You’ve been working hard to set the stage for success. Now, you and your employees can start writing your center’s new story, together.
If you’ve been following this article series based on my book, “People Driven Leadership: How the Best 9-1-1 Centers Inspire Positive Change,” you know that this is the final installment.
Over the past ten weeks, I’ve shared research, stories and experiences from People Driven Centers across the country. As we’ve seen, both centers with long-established reputations for success and centers that have made astonishing improvements alike offered valuable insights and encouragement. Through these 20 articles, I hoped to provide leaders looking to inspire positive change with a few of the tools that would help them, and their centers, get there.
If you’ve been working during this time to bring some of these changes to life at your center — a healthy culture, better communication, and People Driven values, to name a few — you have reached an exciting part of the process. No, your center won’t be completely “transformed” yet, and yes, some of the changes you’ve made will have been hard-won.
But the foundation has been laid. You’ve been working hard to set the stage for success. Now, you and your employees can start writing your center’s new story, together.
STARTING A NEW STORY
It took years for the director at a center on the U.S. east coast to bring a new story to life, but she didn’t stop until she — and her people — had done it.
A consolidation of county emergency management and city police teams three years prior had resulted in animosity and division. United in name only, two separate teams worked under the same roof. Personnel from the city had a reputation for unfriendliness and didn’t work well with their county colleagues. To make matters worse, the operations supervisor had a bad habit of playing favorites, sowing further discord within the center.
At the time, the director above, whom I’ll call Mary, was working as a supervisor of a 23-person squad. She saw the negative effects of the ops supervisor’s favoritism firsthand. When a line level employee reported the bad behavior of one of the ops supervisor’s favorites, Mary said, “I agree something must be done, and I’ll follow up with you soon.”
When she brought the concerns to her boss, she was told leadership wouldn’t be taking any action. Mary didn’t back down. “I assured the employee I would follow up, so you’ll have to do something. You tell her why nothing has been done.”
Not long after, the ops supervisor was removed from her position, and Mary was appointed in her place to make the necessary changes.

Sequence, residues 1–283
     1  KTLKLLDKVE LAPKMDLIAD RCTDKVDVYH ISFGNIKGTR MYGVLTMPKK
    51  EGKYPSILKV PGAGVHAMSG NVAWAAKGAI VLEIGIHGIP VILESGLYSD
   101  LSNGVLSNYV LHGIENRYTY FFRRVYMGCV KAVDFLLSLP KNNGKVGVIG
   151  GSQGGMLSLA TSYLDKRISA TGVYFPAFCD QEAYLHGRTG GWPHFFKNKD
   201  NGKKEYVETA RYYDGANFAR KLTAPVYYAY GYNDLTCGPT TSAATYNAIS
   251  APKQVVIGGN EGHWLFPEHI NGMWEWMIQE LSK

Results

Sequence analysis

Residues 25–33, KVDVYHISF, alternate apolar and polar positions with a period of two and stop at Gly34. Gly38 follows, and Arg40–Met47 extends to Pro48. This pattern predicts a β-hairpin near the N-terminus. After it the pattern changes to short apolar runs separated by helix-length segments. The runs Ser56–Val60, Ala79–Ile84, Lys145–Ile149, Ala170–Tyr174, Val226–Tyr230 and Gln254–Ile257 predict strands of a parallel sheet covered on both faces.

Within the first month, Mary had met with all four squads and communicated the new expectations. For the most part, the team embraced her ideas. Out of 86 total employees, 75 were ready to make a change. The 10 or 11 who weren’t on board made snide comments, saying, “We’re not doing anything different. We’ve always done it this way.”
The shakeup took about 14 months. With the new standard in place, Mary and her team began holding people accountable for their actions. A 16-year employee and a 7-year employee were both eventually let go because they refused to adhere to the new expectations. After a verbal warning, then a written warning, and then suspension, they were finally dismissed.
Discipline was used only as a last resort. One of the biggest positive changes to the center’s culture and morale occurred after Mary began to set aside four hours each month to work a console on the floor. It was something the previous director had never done. Initially, the team was concerned and wondered, “Why is she here? Did we do something wrong?” Then they began to understand. They saw she could do the job and was keeping her skills fresh. They saw they could relate to her—that she was one of them.
Communicating expectations, setting a standard, and holding people accountable for this standard helped the center overcome its biggest challenge: bridging the gap between city and county employees. Five years after the consolidation, they realized the vision of becoming a truly unified team—instead of working separately as city and county.
Mary took over after year three, and it took her two years to make the transformation a reality. Even with 90% of staff supporting the effort, along with a compelling vision, it still took time.
I asked Mary what advice she has for the line-level supervisors who have lost hope. Despite the good they know they can do, these individuals often feel stuck between the employees they work for and the managers they work under. She shared the principles that have guided her during her 30+ year career:
“Stay focused on what you believe needs to happen,” she said. “Always take the high road if someone tries to take you down, and stay the course. Follow-up with your people. Assure and show them you are trying to do the right thing. Don’t let anybody change your ideal. If you know what needs to happen, it’s your turn to make it happen. It won’t happen overnight, but it can happen.”
What story is your center ready to tell? What is the legacy you’ll leave?
The People Driven Leaders across the country who have turned their centers around are proof that amazing changes are possible. It’s not idealism if it’s true.
About the Author:
Adam Timm is the president and founder of The Healthy Dispatcher. A 9-1-1 telecommunicator with the Los Angeles Police Department for over a decade, Adam now provides leadership training and consulting to PSAPs around the country. He is the author of three books, including the popular, Dispatcher Stress: 50 Lessons on Beating the Burnout, and, “People Driven Leadership: How the Best 9-1-1 Centers Inspire Positive Change,” both available on Amazon.com.
For more articles visit: https://thehealthydispatcher.